Culture Politics

Financial Literacy 101: The Course You Never Took

This piece is written by Priya Lasrado, one of Spicy‘s Guest Contributors.

You hear it said time and time again amongst millennials, especially as awareness of social and economic inequities become more obvious – “Why do I know that the mitochondria is the powerhouse of the cell, but I don’t know sh*t about taxes or banks?”

The outrage is not an unfair one. Our education system provides us with many essential tools to navigate the outside world, but when it comes to finances, the burden falls on us. Of course, we’re not aware of the burden until… well, we’re bearing it. Once we’re at this point of just simply trying to understand how to balance a budget or how to file your taxes, we don’t seek to know more. Why? Because the rules are constantly changing (the IRS literally puts out new regulations every year), the jargon is dense (sorry, what’s a non-qualified versus qualified account?), and we simply don’t have the time.

These are subtle tools of oppression. How could you know that you can take business deductions for rental income if no one taught you that and you can’t afford a good accountant?

Here are some tips/tricks/good things to know so that even if you’re not making as much money as you’d like to, you can still stay informed and take steps toward financial literacy and independence.

  1. If you’re paying off student loans, you can lower your taxable income (the amount of money you pay taxes on each year, e.g., your salary, bonuses, etc.) by up to $2500. 
  2. If you are investing, open up an IRA (Individual Retirement Account).
    •  What is an IRA? An account set up for your retirement. You contribute money and can buy/sell and own stocks, mutual funds, and ETFs (more on these latter two later) within the account and the money you contribute pre-tax.
    •  The money you contribute to IRA accounts is tax deductible, up to $5,500. If your job doesn’t offer a retirement plan (e.g. a 401k or 403b, etc.), you can deduct your full contribution amount. *Bonus, you have until the tax-filing date (April 15th 2019) to make a deductible contribution for your 2018 taxes!
  3. Allow me to contradict myself, if you can, open a Roth account. 
    •  What is a Roth account? A Roth IRA is a retirement account (like an IRA) where you can also buy/sell the same kinds of assets in IRAs, but the money you contribute to it is not tax-deductible (i.e. the money you contribute is after-tax).
    •  While the money you contribute to a Roth IRA or 401k is not tax-deductible, it does grow tax-free. So, if you’re trying to look out for cool, older, sipping sangria on the beach on the coast of Spain in retirement you, make Roth contributions! To make a point, if you bought 10 shares of Apple back when they made their Initial Public Offering (IPO) on the stock exchange at $22/share and you owned it in a Roth account, all $124,223 in gains (the money you made from that genius investing decision) would be available to you tax-free. So retired you can opt for the first-class flight to Spain.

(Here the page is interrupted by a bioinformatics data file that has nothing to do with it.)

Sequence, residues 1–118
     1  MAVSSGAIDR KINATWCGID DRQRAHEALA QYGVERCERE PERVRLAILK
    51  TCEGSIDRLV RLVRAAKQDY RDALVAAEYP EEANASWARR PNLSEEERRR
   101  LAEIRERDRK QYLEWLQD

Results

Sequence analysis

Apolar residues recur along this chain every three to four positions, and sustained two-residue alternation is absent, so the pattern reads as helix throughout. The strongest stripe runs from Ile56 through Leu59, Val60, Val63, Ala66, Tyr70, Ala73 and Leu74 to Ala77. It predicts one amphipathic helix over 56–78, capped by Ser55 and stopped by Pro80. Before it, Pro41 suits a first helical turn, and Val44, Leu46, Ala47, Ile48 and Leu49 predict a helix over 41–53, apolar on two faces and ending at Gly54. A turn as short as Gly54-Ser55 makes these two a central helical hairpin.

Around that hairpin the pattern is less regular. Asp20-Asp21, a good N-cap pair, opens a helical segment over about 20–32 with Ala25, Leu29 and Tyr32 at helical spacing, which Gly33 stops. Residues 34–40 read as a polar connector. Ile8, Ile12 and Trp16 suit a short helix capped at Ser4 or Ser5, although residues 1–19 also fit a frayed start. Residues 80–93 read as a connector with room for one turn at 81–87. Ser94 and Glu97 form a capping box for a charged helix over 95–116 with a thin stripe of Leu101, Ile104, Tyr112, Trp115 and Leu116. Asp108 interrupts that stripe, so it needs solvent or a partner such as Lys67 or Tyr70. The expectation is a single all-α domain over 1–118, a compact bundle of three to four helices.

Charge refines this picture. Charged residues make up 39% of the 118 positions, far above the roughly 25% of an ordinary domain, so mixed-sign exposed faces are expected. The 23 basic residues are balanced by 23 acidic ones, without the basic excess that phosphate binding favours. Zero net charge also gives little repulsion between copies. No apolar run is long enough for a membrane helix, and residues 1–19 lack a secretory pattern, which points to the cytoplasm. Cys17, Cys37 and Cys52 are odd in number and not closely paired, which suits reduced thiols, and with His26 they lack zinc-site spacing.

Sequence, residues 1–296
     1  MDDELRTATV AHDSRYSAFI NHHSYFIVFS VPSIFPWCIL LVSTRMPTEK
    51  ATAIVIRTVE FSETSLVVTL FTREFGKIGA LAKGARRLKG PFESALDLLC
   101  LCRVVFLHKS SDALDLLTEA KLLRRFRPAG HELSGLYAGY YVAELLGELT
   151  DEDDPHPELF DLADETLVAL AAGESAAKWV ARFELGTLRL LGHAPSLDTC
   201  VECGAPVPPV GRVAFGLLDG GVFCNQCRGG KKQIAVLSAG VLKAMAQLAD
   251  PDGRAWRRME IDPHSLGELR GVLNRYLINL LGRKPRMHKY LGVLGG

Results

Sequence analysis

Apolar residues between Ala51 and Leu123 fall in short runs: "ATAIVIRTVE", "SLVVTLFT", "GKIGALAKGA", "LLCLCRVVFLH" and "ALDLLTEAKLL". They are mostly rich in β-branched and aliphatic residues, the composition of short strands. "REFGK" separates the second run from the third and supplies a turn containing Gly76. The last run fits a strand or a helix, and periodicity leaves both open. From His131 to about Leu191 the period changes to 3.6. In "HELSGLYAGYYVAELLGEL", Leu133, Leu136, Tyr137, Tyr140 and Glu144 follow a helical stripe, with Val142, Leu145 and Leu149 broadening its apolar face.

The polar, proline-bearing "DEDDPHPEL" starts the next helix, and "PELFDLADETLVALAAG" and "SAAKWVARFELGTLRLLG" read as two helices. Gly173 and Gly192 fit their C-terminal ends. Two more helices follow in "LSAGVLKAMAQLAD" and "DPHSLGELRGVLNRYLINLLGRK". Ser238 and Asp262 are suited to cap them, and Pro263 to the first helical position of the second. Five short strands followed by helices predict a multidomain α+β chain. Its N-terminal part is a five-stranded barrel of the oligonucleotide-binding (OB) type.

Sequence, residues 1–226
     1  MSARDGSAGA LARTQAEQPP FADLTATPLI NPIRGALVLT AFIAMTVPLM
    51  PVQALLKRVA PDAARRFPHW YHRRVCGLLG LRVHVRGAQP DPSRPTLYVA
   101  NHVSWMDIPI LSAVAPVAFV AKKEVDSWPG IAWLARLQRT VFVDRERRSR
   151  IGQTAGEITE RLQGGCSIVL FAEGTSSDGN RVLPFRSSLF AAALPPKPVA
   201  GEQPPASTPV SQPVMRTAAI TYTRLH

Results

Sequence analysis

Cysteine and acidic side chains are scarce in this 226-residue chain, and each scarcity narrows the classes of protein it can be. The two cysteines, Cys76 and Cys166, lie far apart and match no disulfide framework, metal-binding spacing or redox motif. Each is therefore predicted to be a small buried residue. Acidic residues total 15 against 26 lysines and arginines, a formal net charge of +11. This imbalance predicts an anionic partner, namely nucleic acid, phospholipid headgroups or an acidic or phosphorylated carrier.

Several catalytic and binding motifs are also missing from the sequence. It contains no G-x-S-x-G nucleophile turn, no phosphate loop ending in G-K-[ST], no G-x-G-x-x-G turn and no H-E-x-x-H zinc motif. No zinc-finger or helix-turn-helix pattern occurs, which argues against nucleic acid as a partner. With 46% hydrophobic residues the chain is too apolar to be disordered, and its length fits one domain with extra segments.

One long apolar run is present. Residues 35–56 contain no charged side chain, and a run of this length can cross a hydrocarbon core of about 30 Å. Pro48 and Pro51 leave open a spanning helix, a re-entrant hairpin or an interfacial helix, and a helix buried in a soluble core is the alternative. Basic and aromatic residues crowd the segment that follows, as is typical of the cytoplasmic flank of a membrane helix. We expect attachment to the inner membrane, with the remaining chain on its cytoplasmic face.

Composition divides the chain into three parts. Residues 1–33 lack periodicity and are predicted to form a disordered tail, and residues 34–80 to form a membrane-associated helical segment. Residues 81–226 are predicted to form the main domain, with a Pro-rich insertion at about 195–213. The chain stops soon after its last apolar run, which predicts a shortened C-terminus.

4. Open up a checking/savings account with an online bank.
  5. You don’t have to buy stocks/follow the markets to invest.
    •  “Invest your money” is probably the most (read: “only”) solid advice that every single old rich white guy says. But on this one thing, they may be onto something. It is intimidating to enter the market, but there are investments called Exchange-Traded Funds (ETFs) and Mutual Funds, which offer market exposure without having to be sunk into one company.
      •  In short, an ETF is a “basket” of different stocks and bonds. There are ETFs for different purposes, (e.g., for an aggressive investor versus maybe a more conservative one) you just have to do a little research.
      •  A mutual fund is basically the same thing, except a portfolio manager who intentionally picks out what to invest in manages it. This means they are a bit more intentional than ETFs, since ETFs are generally just an index that tracks the market. With that said, mutual funds also tend to have a higher expense associated with them (because you’re paying someone to manage it!).  
  6. If you want to invest, look for firms that don’t have investment minimums and low fees.
  7. You’re going to hate me for this one, but… track your spending.
    •  My advice is not to stop buying your morning coffees and invest that money instead. Or to stop buying new shoes or to stop treating yourself. Why? Because life is hard and sometimes we deserve nice things. Also sometimes, life isn’t hard, and we still deserve nice things.
    •  With that said, we should be conscious of what we spend. It’s hard to face, but when there’s leftovers in your fridge and you just pressed “Checkout” on your fifth Seamless order of the week and it’s only Wednesday… maybe it’s time for a bit of a reality check.
    •  Apps like Mint allow you to stay on top of what you’re spending, will notify you when your bills are coming due, and will give you a free credit score. Sometimes, seeing is believing (and by believing, I mean sometimes I cannot believe that I spent $95 on Lyft rides in one weekend. Yes, real number).

This is, of course a lot to take in and learn at once. But, if we have time to learn these things and ease into them, we can set ourselves (and our offspring should we have them) for a future that is on much more even ground with our more well of compatriots.

Many people say life is about living within our means. This may hold truth, but what life is also about, is working to become more. Sorry to quote your corny 6th grade history teacher here, but knowledge really is power. And if any of what you read here helps you become more financially aware, literate, or emboldened, then I think you are well on your way to finding and creating your power.